Facebook Creater Zuckberg Recites Hebrew Prayer With Daughter Nightly

“And ye shall serve Hashem your God, and He will bless thy bread, and thy water; and I will take sickness away from the midst of thee.” Exodus 23:25 (The Israel Bible™)

Harvard University dropout and Facebook founder and CEO Mark Zuckerberg stunned the graduation class of 2017 by ending his half-hour commencement speech with a Hebrew prayer. Telling the crowd that he hopes they will “find the courage to make your life a blessing”, Zuckerberg shared that he sings the Mi Shebeirach prayer, the prayer of healing, to his daughter each night as he tucks her into bed.

“Before you walk out those gates one last time, as we sit in front of Memorial Church, I am reminded of a prayer, Mi Shebeirach, that I say whenever I face a challenge, that I sing to my daughter thinking about her future when I tuck her into bed. It goes, ‘May the source of strength, who blessed the ones before us, help us find the courage to make our lives a blessing,’” recited Zuckerberg, who is Jewish.

Traditionally, the Mi Shebeirach is said in synagogue for those who are ill or in recovery,” explained Roni Segal, academic adviser for The Israel Institute of Biblical Studies, a company which offers courses on Bible and and Biblical languages in collaboration with Hebrew University, to Breaking Israel News.



“Today, it is common for congregations to sing a version of the prayer written by popular Jewish folk musician Debbie Friedman which prays for both physical as well as spiritual healing.”

“Mi Shebeirach” by Debbie Friedman (Hebrew and English)

Thirty-three-year-old Zuckerberg is the sixth-richest person in the world with an estimated net worth of $63.4 billion. He married his college sweetheart, Priscilla Chan, in 2012, who is not Jewish. The couple have one daughter. Together, they have promised to give 99 percent of their income to charity and the support of organizations which do good in the world.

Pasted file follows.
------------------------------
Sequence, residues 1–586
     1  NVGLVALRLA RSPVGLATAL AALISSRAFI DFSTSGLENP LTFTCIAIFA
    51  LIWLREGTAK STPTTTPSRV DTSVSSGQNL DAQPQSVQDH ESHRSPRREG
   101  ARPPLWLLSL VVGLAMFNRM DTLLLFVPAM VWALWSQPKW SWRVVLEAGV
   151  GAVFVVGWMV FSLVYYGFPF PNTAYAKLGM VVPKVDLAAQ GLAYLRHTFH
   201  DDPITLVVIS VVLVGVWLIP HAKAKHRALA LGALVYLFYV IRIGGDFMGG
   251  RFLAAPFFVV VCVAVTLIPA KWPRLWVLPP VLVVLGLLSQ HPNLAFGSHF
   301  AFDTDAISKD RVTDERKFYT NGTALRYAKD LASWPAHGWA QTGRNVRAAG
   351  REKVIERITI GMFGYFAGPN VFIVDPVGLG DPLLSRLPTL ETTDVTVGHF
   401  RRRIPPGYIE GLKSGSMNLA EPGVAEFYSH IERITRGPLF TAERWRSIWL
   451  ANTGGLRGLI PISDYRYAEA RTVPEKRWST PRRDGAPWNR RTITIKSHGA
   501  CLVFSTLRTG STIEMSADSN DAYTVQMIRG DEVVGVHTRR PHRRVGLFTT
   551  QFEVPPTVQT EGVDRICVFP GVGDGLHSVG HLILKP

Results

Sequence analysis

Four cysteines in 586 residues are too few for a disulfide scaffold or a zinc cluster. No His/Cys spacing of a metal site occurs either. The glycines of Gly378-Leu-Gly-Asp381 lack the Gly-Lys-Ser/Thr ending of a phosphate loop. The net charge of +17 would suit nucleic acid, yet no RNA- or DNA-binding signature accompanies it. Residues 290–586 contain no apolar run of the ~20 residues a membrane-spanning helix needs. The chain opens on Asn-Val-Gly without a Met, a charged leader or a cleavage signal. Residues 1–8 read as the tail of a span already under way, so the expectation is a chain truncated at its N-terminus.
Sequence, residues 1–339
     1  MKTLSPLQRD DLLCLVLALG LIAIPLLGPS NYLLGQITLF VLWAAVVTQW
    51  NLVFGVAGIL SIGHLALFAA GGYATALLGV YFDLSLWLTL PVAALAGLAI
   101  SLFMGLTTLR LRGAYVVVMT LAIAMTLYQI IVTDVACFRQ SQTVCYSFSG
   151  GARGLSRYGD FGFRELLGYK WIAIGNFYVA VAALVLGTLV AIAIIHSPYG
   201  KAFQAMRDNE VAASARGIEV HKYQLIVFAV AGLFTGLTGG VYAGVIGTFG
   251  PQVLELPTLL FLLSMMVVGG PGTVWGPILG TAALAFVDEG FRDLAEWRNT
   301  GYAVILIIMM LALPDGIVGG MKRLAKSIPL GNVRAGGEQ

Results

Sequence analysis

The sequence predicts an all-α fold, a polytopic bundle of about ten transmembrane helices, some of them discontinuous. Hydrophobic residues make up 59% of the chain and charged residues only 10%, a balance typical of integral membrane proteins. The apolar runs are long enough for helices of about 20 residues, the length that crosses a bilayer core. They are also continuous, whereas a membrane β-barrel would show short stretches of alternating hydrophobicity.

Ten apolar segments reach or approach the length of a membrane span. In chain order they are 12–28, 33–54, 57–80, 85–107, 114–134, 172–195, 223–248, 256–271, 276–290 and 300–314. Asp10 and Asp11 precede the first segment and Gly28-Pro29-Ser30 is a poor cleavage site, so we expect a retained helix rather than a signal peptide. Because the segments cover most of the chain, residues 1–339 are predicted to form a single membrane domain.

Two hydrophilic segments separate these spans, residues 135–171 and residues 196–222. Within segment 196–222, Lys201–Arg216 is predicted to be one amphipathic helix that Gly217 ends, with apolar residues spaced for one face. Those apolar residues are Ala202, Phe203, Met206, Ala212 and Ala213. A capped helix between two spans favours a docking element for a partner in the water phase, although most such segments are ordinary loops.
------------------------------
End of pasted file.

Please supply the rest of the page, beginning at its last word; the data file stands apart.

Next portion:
Following last year’s Facebook post stating that he was “celebrating Christmas”, Zuckerberg was asked online if he was still a self-proclaimed atheist. “No,” he replied. “I was raised Jewish and then I went through a period where I questioned things, but now I believe religion is very important.”

His speech urged students to work towards something bigger than themselves. “I’m here to tell you that finding your purpose isn’t enough. The challenge for our generation is to create a world where everyone has a sense of purpose,” he told the graduates.

“There is something impressive about a young and incredibly successful man publicly stating to the world that he prays each night asking God to heal the sick, show compassion, and strengthen and enliven His creations,” commented Segal to Breaking Israel News.

“It is scientifically documented today that those who are prayed for, even without their knowledge, have a higher rate of recovery than those not prayed for. This fits right into Zuckerberg’s commencement message, that everyone in the world is part of one community and therefore must have ‘a higher purpose to take on big, meaningful projects’ to heal the world and make it a better place.”

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